Discrimination of first- and second-order regular intervals from random intervals as a function of high-pass filter cutoff frequency (L)

William Yost, Dan Mapes-Riordan, Raymond Dye, Stanley Sheft, William Shofner

Research output: Contribution to journalArticle

3 Citations (Scopus)

Abstract

This study extends the work of Kaernbach and Demany [J. Acoust. Soc. Am. 104, 2998-2306 (1998)] in which regular interval stimuli (RIS) click trains with first-order intervals could be discriminated from random-interval click trains, but RIS with second-order intervals could not. Kaernbach and Demany concluded that their results cast doubt on autocorrelation as a method of analysis for such stimuli. The present study investigated the same stimuli, but for a variety of filter conditions. The results suggest that while RIS click trains with first-order intervals are more easily discriminated from random-interval stimuli than second-order interval RIS click trains, discrimination based on second-order intervals is possible except when the stimuli are high-pass filtered above 8 kHz, i.e., above the spectral region of phase locking.

Original languageEnglish (US)
Pages (from-to)59-62
Number of pages4
JournalJournal of the Acoustical Society of America
Volume117
Issue number1
DOIs
StatePublished - Jan 1 2005
Externally publishedYes

Fingerprint

high pass filters
discrimination
cut-off
stimuli
intervals
Regular
Filter
Discrimination
Stimulus
locking
autocorrelation
casts

ASJC Scopus subject areas

  • Arts and Humanities (miscellaneous)
  • Acoustics and Ultrasonics

Cite this

Discrimination of first- and second-order regular intervals from random intervals as a function of high-pass filter cutoff frequency (L). / Yost, William; Mapes-Riordan, Dan; Dye, Raymond; Sheft, Stanley; Shofner, William.

In: Journal of the Acoustical Society of America, Vol. 117, No. 1, 01.01.2005, p. 59-62.

Research output: Contribution to journalArticle

@article{c38f4971cc4a4fdeab57cd4e3d8a1635,
title = "Discrimination of first- and second-order regular intervals from random intervals as a function of high-pass filter cutoff frequency (L)",
abstract = "This study extends the work of Kaernbach and Demany [J. Acoust. Soc. Am. 104, 2998-2306 (1998)] in which regular interval stimuli (RIS) click trains with first-order intervals could be discriminated from random-interval click trains, but RIS with second-order intervals could not. Kaernbach and Demany concluded that their results cast doubt on autocorrelation as a method of analysis for such stimuli. The present study investigated the same stimuli, but for a variety of filter conditions. The results suggest that while RIS click trains with first-order intervals are more easily discriminated from random-interval stimuli than second-order interval RIS click trains, discrimination based on second-order intervals is possible except when the stimuli are high-pass filtered above 8 kHz, i.e., above the spectral region of phase locking.",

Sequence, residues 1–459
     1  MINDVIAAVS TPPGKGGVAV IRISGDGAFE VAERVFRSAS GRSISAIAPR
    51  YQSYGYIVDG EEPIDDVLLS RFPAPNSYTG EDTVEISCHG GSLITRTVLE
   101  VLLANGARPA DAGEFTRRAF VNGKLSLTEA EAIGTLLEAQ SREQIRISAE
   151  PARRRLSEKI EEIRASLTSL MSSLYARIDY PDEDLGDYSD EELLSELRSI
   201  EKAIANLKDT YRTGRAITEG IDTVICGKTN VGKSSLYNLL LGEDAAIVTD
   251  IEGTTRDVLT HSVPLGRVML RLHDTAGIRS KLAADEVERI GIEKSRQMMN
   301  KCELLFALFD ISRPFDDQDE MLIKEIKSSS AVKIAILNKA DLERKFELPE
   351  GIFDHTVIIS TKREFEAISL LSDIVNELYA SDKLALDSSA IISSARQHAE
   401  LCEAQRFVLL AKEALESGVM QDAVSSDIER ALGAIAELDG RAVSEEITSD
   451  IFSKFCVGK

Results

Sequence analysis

author = "William Yost and Dan Mapes-Riordan and Raymond Dye and Stanley Sheft and William Shofner",
year = "2005",
month = "1",
day = "1",
doi = "10.1121/1.1830671",
language = "English (US)",
volume = "117",
pages = "59--62",
journal = "Journal of the Acoustical Society of America",
issn = "0001-4966",
publisher = "Acoustical Society of America",
number = "1",

}

TY - JOUR

T1 - Discrimination of first- and second-order regular intervals from random intervals as a function of high-pass filter cutoff frequency (L)

AU - Yost, William

AU - Mapes-Riordan, Dan

AU - Dye, Raymond

AU - Sheft, Stanley

AU - Shofner, William

PY - 2005/1/1

Y1 - 2005/1/1

N2 - This study extends the work of Kaernbach and Demany [J. Acoust. Soc. Am. 104, 2998-2306 (1998)] in which regular interval stimuli (RIS) click trains with first-order intervals could be discriminated from random-interval click trains, but RIS with second-order intervals could not. Kaernbach and Demany concluded that their results cast doubt on autocorrelation as a method of analysis for such stimuli. The present study investigated the same stimuli, but for a variety of filter conditions. The results suggest that while RIS click trains with first-order intervals are more easily discriminated from random-interval stimuli than second-order interval RIS click trains, discrimination based on second-order intervals is possible except when the stimuli are high-pass filtered above 8 kHz, i.e., above the spectral region of phase locking.

AB - This study extends the work of Kaernbach and Demany [J. Acoust. Soc. Am. 104, 2998-2306 (1998)] in which regular interval stimuli (RIS) click trains with first-order intervals could be discriminated from random-interval click trains, but RIS with second-order intervals could not. Kaernbach and Demany concluded that their results cast doubt on autocorrelation as a method of analysis for such stimuli. The present study investigated the same stimuli, but for a variety of filter conditions. The results suggest that while RIS click trains with first-order intervals are more easily discriminated from random-interval stimuli than second-order interval RIS click trains, discrimination based on second-order intervals is possible except when the stimuli are high-pass filtered above 8 kHz, i.e., above the spectral region of phase locking.

UR - http://www.scopus.com/inward/record.url?scp=12344249997&partnerID=8YFLogxK

UR - http://www.scopus.com/inward/citedby.url?scp=12344249997&partnerID=8YFLogxK

U2 - 10.1121/1.1830671

DO - 10.1121/1.1830671

M3 - Article

C2 - 15704397

AN - SCOPUS:12344249997

VL - 117

SP - 59

EP - 62

JO - Journal of the Acoustical Society of America

JF - Journal of the Acoustical Society of America

SN - 0001-4966

IS - 1

ER -